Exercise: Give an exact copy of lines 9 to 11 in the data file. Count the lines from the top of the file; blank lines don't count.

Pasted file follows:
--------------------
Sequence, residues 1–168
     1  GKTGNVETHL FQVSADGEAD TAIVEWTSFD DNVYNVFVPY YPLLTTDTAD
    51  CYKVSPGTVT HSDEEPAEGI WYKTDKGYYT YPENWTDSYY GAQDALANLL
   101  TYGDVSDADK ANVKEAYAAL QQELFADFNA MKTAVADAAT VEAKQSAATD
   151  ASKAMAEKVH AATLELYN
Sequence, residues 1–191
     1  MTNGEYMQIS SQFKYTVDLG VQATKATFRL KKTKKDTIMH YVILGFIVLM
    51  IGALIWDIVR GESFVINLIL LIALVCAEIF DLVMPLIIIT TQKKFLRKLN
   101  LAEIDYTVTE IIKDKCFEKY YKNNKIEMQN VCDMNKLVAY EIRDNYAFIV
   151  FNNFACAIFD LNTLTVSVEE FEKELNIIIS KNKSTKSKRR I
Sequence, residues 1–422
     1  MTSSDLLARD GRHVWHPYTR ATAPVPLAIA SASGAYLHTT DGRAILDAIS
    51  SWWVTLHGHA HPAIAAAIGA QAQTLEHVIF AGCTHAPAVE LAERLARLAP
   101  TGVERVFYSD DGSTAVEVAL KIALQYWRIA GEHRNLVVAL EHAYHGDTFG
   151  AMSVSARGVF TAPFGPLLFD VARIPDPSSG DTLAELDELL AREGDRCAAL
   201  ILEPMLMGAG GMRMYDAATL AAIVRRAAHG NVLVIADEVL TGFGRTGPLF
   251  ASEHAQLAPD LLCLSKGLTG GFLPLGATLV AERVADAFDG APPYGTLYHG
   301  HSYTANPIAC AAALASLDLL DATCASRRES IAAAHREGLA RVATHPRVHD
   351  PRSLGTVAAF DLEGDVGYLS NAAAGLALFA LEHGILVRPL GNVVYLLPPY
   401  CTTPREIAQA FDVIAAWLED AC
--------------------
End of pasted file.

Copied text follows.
   101  LAEIDYTVTE IIKDKCFEKY YKNNKIEMQN VCDMNKLVAY EIRDNYAFIV
   151  FNNFACAIFD LNTLTVSVEE FEKELNIIIS KNKSTKSKRR I
Sequence, residues 1–422